The Most Splendid Housing Bubbles in America

Wolf Richter,

New York condo prices fell again. Historic spikes slow in Seattle and other metros.

On a national basis, home prices surged 6.2% in June compared to June last year (not seasonally-adjusted), and 0.8% from May, according to the S&P CoreLogic Case-Shiller National Home Price Index released this morning. The index is now 11% above the July 2006 peak of “Housing Bubble 1” — the first housing bubble in this millennium. After its collapse, it was called a “bubble” and “unsustainable.” But by now, this peak of the collapsed bubble has been transformed into the new-normal rock-solid base of the current housing market. The index is now 53% above the bottom of “Housing Bust 1”:

There have been some indications that some local housing markets are experiencing deteriorating fundamentals: declining sales volume, rising inventories, less foot-traffic, increasing number of days on the market, etc. [here is an example], though prices are slow to react. These dynamics are not yet visible in the some of the bubbliest markets as depicted by the Case-Shiller Home Price index — except in the New York condos category where the index has dropped to the lowest level since October 2017.

The Case-Shiller Index is based on a rolling three-month average; today’s release is for April, May, and June. The index is based on “home price sales pairs,” comparing the sales price of a home in the current month to the last transaction of the same home years earlier. The index incorporates other factors and uses algorithms to arrive at each data point. It was set at 100 for January 2000; an index value of 200 means prices as figured by the index have doubled. It’s an alternative to median-price indices (half of the homes sell for more, and half sell for less).

The index is not inflation adjusted. It’s itself a measure of inflation: of asset price inflation, specifically of home-price inflation, where the dollar is losing purchasing power with regards to housing; in other words, it takes more dollars to buy the same home.

So here are the most splendid housing bubbles in major metro areas in the US:


The Case-Shiller Home Price Index for the Boston metro jumped 7.1% from a year ago. During Housing Bubble 1, from January 2000 to October 2005, the index soared 82% before dropping. It now tops that crazy peak by 18.6%:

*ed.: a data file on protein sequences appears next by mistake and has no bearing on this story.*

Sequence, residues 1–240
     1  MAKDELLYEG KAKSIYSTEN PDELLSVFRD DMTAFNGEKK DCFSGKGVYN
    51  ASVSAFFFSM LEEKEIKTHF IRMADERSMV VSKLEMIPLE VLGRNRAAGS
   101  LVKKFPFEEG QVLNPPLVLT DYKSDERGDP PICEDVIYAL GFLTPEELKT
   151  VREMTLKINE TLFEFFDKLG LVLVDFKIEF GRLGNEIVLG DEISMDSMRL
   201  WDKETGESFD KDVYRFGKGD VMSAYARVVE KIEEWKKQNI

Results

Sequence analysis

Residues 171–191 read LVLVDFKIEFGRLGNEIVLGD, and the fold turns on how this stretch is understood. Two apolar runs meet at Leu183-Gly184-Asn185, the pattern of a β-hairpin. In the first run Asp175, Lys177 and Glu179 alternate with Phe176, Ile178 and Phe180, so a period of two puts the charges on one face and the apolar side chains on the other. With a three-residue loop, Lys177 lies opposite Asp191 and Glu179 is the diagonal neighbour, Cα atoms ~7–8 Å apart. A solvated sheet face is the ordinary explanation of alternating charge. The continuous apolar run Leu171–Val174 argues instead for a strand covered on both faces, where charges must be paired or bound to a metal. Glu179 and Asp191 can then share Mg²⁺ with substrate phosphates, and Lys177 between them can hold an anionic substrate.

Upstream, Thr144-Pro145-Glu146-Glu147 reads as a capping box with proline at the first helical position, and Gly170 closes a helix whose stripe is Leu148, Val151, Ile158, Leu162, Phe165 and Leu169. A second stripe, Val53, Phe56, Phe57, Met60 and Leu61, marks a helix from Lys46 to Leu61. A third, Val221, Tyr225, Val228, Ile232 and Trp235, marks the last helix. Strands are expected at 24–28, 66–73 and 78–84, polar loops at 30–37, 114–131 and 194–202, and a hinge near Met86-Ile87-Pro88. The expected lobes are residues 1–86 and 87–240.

Home prices in the Seattle metro rose 0.7% in June from May. This is a slow-down from the historic spike in prior months. Over the past 12 months, the index has jumped 12.8%. It is 35% above the peak of Seattle’s crazy Housing Bubble 1 (July 2007):


The index for the Denver metro booked its 32nd monthly increase in a row in June, adding to the historic spike over the past few months. It’s up 8.3% from a year ago and 54% from the peak in July 2006:

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Dallas-Fort Worth:

The Case-Shiller index for for the Dallas-Fort Worth metro rose for the 53rd month in a row, and is up 5.2% from a year ago. Since its peak during Housing Bubble 1 in June 2007, the index has surged 48%:


Home prices in the Atlanta metro rose 0.7% in June from May, according to the Case-Shiller index, and 5.7% over the 12-month period. It now exceeds the peak of Housing Bubble 1 in July 2007 by 8%:


Home prices in the Portland metro in June rose 0.7% from a month ago, 5.9% from a year earlier, and 26% from the crazy peak of Housing Bubble 1 in July 2007. It has ballooned 134% since 2000:

San Francisco Bay Area:

The index for “San Francisco” includes five counties: the city and county of San Francisco, the northern part of Silicon Valley (San Mateo County), part of the East Bay (counties of Alameda and Contra Costa), and part of the North Bay (Marin County). In June, the index rose 0.4% from the prior month and 11% from a year ago. It’s up 38% from the crazy peak of Housing Bubble 1 and up 164% since 2000:

Los Angeles:

The Case-Shiller index for the Los Angeles metro in June rose 7.4% year-over-year. Between January 2000 and July 2006, the index had skyrocketed 174% before its epic collapse. The index now exceeds the complete nut-job of Housing Bubble 1 by 3%:

New York City Condos:

Prices for condos in the New York City metro fell — yes, fell — 1.6% from the prior month, the third month in a row of monthly declines, according to the Case-Shiller index for condos. The index is now down 2.2% from the peak in March and is up only 0.6% year-over-year and at the lowest level since October 2017:

This dip in condo prices is either the first visible sign of a deflating housing bubble on this list of the most splendid housing bubbles in America, or it’s just a temporary dip. Once the index is down year-over-year — at this rate, in a month or two — it would establish a trend.

Real estate is local. But prices are also impacted by national and global factors, such as monetary policies and offshore investors for whom “housing” in the US is not only an asset class used for diversification, but also in many cases an exit route for their family and wealth away from their own governments. These factors combined inflate local housing bubbles. When enough local housing bubbles come together, they turn into a national housing bubble (see the first chart), though some other markets may lag behind or never get into a bubble status.

The first wave in the buy-to-rent scheme, where private equity firms buy hundreds of thousands of single-family houses in a small number of markets, got started during the housing bust. Now comes the second wave, by a different set of private-equity firms, at the peak of the market, as brokers constantly blame low inventories of single-family houses for sky-high prices. Read…  Here Comes the 2nd Wave of Big Money in the “Buy-to-Rent” Scheme 


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